Why did I come in here? There’s a reason why you forget.


You’ve probably done this: You walk into the room, look around, and can’t remember why you are there. I call it a senior moment, others might refer to early dementia and bemoan their age and place in life. But there may be a reason and it has nothing to do with your age and everything to do with a hyper efficient brain trying to put everything in its place.

Scientists think that as a person walks through a doorway, the mind closes off the previous activity, files it away and looks for something new in the new surroundings. Gabriel Radvansky, Professor Psychology at the University of Notre Dame in Indiana, explains, “Entering or exiting through a doorway serves as an ‘event boundary’ in the mind, which separates episodes of activity and files them away. . . Recalling the decision or activity that was made in a different rom is difficult because it has been compartmentalized.”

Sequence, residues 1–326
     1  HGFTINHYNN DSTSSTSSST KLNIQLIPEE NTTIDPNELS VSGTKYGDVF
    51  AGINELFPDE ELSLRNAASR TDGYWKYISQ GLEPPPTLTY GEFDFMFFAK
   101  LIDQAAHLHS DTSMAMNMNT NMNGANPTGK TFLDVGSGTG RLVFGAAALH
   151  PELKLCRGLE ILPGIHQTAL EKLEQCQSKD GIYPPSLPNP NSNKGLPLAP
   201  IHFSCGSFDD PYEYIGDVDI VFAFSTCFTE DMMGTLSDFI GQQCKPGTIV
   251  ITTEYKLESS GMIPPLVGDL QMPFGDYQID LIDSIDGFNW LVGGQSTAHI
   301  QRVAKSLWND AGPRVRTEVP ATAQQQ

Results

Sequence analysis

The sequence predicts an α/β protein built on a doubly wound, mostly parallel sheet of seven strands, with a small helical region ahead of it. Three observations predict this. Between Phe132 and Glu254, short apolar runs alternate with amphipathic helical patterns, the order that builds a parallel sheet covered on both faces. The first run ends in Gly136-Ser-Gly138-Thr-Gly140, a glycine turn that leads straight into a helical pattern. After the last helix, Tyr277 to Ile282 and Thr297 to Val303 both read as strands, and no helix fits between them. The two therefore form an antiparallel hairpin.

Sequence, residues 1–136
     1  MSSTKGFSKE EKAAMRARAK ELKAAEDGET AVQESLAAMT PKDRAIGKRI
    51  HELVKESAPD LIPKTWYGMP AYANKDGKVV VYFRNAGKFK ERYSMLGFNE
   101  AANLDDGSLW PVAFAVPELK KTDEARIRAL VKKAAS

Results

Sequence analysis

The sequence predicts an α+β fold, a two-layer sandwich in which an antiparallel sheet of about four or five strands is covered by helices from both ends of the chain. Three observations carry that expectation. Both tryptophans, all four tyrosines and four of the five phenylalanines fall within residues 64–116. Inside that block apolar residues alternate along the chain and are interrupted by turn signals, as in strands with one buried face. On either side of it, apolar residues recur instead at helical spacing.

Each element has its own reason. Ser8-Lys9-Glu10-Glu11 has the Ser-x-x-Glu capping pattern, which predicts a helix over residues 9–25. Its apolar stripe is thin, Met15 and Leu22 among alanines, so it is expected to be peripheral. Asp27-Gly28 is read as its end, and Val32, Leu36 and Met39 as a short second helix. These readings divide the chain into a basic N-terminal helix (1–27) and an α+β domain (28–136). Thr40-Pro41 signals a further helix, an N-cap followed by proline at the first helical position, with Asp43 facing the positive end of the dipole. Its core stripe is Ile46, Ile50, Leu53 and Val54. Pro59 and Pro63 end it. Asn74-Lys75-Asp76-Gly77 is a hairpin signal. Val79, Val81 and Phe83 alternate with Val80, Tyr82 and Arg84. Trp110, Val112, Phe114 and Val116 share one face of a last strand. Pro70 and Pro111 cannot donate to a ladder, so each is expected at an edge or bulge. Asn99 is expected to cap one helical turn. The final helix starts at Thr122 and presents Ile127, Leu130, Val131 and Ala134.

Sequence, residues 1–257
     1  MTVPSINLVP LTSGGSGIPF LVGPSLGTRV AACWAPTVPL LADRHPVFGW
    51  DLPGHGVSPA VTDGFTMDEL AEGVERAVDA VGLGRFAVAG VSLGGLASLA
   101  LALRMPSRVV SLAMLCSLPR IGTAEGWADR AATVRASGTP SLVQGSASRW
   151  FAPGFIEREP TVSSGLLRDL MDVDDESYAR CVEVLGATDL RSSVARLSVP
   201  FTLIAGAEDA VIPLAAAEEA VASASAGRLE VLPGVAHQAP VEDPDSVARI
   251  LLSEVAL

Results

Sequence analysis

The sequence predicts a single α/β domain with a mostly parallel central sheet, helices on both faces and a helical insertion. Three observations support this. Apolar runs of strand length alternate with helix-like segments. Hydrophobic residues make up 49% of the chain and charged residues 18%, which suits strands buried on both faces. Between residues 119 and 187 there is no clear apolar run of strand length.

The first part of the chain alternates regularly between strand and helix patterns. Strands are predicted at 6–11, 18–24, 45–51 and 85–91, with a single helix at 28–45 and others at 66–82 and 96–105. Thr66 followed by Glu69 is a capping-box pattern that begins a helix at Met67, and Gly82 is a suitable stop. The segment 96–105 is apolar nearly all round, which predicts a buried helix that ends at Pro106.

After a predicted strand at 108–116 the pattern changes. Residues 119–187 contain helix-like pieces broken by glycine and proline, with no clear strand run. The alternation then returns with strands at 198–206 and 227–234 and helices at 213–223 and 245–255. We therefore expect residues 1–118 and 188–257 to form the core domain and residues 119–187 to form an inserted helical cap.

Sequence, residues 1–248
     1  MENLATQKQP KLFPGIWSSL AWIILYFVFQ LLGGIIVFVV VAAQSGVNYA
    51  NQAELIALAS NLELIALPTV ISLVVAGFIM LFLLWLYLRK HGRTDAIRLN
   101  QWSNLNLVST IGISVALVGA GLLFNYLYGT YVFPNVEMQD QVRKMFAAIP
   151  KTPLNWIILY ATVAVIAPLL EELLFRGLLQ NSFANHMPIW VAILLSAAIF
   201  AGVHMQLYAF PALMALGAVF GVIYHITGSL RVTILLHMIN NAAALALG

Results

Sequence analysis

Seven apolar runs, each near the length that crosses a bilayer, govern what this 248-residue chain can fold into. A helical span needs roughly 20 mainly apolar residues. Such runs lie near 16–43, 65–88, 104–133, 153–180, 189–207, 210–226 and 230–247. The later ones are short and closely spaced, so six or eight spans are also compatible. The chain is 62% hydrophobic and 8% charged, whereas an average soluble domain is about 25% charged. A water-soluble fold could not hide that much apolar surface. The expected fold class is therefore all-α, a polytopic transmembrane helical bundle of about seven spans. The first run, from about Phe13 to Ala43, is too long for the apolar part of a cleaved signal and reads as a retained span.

Radvansky and his colleagues have been exploring this phenomenon and have published their findings in Quarterly Journal of Experimental Psychology. They conducted three experiments hoping to zero in on the effect of the doorway. In the first experiment, the subjects looked at a virtual room, selected an object, went to another virtual room and answered questions. There was some memory loss on entering the second room. For experiment two they used a real room and walked the subjects through a real doorway. Again memory loss occurred. For the final experiment, they had the subjects select and item in one room, walk through a door way and into a hall that led them around and back into the original room. Being in the same room made no difference: memory loss still occurred. “Memory did not improve by reinstating this context,” the report pointed out.

The experiments were done with college age students. Thank you.

Source: MedicalNewsToday, Quarterly Journal of Experimental Psychology


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